Safety Experts Say Kansas Graduated License Working

October 23, 2012

A graduated driver’s license law in Kansas that went into effect in January 2010 has helped sharply reduce the number of accidents involving teenage drivers, safety experts said, as younger drivers are getting more practice before being turned free on the highways.

Kansas Department of Transportation records show the number of accidents involving drivers 14 through 16 years old dropped from more than 5,000 in 2004 and 2005 to fewer than 3,000 last year.

The Wichita Eagle reported the number of fatalities involving drivers in that age group went from an average of 22 a year from 2004 through 2009 to 15 in 2010 and nine in 2011.

“I think that’s exactly the outcome we expected,” said Suzanne Wikle, director of policy and research for Kansas Action for Children, a nonprofit group that pushed for the law.

Increased seat belt usage among teen drivers also has had a major impact on the statistics, said Jim Hanni, spokesman for AAA Kansas.

“We’ve definitely made some wonderful strides in a very short period of time,” he said.

KDOT traffic safety chief Pete Bodyk said the number of accidents involving young drivers was trending downward even before the graduated licensing law went into effect. He said other laws passed by the Kansas Legislature over the years, including a 2007 law that required 14- to 17-year-olds to wear seat belts, also have helped.

The graduated license law carries two major provisions designed to increase the amount of supervision a teenage driver receives before getting an unrestricted license.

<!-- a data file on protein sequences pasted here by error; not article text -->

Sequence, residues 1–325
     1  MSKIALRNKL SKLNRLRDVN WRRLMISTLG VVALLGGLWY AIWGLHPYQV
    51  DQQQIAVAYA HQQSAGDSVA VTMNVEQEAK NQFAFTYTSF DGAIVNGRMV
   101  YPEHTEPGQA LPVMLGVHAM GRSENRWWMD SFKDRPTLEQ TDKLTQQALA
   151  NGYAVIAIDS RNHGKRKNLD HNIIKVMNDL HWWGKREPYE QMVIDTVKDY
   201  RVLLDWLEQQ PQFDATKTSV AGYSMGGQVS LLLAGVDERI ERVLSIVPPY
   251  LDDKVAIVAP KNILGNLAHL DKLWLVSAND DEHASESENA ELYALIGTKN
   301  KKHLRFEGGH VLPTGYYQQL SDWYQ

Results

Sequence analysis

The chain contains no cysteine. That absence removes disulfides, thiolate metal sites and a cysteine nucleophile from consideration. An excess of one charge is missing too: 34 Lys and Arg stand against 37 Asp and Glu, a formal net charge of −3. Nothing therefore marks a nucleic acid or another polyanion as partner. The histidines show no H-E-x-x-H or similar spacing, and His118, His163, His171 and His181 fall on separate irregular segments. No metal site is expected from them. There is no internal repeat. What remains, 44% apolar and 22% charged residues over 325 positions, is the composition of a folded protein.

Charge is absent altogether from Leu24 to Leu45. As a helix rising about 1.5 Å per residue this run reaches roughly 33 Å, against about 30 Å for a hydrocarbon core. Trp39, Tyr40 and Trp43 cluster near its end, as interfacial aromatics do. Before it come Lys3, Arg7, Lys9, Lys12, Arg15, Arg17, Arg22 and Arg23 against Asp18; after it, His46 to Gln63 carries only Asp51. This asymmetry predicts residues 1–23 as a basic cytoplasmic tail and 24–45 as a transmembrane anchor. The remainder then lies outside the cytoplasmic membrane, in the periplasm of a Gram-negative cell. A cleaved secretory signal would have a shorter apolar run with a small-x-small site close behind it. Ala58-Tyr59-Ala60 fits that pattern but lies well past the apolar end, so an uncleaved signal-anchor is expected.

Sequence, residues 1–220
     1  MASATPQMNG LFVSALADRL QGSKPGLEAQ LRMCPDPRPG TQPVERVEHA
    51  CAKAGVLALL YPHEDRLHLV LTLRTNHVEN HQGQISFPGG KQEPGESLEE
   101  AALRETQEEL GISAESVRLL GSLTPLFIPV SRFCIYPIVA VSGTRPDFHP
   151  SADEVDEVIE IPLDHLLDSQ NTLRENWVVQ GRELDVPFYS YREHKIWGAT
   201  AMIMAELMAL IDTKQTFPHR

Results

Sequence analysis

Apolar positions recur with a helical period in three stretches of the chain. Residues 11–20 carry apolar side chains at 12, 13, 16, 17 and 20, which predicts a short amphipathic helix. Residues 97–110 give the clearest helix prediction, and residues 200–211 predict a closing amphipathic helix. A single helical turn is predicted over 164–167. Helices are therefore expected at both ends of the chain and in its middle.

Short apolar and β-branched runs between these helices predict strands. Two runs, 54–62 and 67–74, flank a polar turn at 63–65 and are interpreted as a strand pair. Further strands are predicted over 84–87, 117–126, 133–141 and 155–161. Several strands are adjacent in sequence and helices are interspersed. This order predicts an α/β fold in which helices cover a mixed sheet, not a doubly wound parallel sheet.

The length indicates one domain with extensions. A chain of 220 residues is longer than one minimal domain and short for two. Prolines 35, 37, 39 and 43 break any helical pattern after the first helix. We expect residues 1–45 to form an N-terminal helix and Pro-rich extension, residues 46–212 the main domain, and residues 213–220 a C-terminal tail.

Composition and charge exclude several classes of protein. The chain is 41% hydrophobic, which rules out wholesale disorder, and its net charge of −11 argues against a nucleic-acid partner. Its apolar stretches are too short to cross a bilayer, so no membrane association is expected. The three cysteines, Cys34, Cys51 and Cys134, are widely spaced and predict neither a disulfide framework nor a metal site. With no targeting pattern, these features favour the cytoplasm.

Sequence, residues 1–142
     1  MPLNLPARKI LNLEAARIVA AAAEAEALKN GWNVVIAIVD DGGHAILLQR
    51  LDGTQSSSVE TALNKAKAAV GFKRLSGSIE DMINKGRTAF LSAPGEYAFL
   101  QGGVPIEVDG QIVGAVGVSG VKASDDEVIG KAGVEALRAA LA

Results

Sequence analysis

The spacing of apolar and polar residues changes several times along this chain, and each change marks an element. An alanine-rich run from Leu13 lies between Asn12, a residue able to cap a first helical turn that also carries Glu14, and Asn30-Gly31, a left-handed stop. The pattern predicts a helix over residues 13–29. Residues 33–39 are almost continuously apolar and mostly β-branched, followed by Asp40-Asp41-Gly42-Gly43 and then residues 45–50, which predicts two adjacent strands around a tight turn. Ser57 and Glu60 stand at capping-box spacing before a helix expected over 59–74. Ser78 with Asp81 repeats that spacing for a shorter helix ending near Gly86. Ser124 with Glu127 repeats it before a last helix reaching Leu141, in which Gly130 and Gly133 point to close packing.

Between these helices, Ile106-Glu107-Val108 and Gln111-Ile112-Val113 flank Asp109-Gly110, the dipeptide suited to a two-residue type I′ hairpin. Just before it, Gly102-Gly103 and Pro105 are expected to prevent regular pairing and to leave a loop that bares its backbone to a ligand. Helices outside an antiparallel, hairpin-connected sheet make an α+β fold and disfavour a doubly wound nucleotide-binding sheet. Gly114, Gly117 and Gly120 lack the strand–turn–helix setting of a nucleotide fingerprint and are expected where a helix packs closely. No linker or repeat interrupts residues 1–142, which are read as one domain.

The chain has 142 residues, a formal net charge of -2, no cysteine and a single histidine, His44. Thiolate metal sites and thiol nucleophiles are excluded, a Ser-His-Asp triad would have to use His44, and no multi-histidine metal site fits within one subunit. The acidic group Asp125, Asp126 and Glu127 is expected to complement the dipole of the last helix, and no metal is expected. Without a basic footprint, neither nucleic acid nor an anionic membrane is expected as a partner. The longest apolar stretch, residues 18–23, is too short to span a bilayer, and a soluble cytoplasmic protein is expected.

The first requires all teenage drivers to have a learner’s permit for 12 months before obtaining a restricted or unrestricted license. A restricted license allows unsupervised driving to and from work or school.

A 16-year-old who gets a full license is prohibited during the first six months from using a cellphone while driving, having more than one non-sibling minor passenger, and driving after 9 p.m. except to and from work or school.

“Age is a factor; there’s no question about that,” Hanni said. “But of the two — age and inexperience — inexperience is the greatest factor” in predicting which young drivers will have accidents.

Hanni said an increase in seat belt use, spurred by a program called Seatbelts Are For Everyone, or SAFE, has been a big factor in teen driving safety.

The program, which started in Crawford County in 2008, asks students to sign cards pledging to always wear seat belts. Participants are eligible for monthly $25 gift card drawings, with grand prizes awarded to schools with the highest compliance rate and the biggest increase in seat belt usage.

David Corp, a retired Kansas Highway Patrol trooper who helped launch the program, said compliance rates at participating schools has risen, on average, from 73.7 percent to 82 percent.

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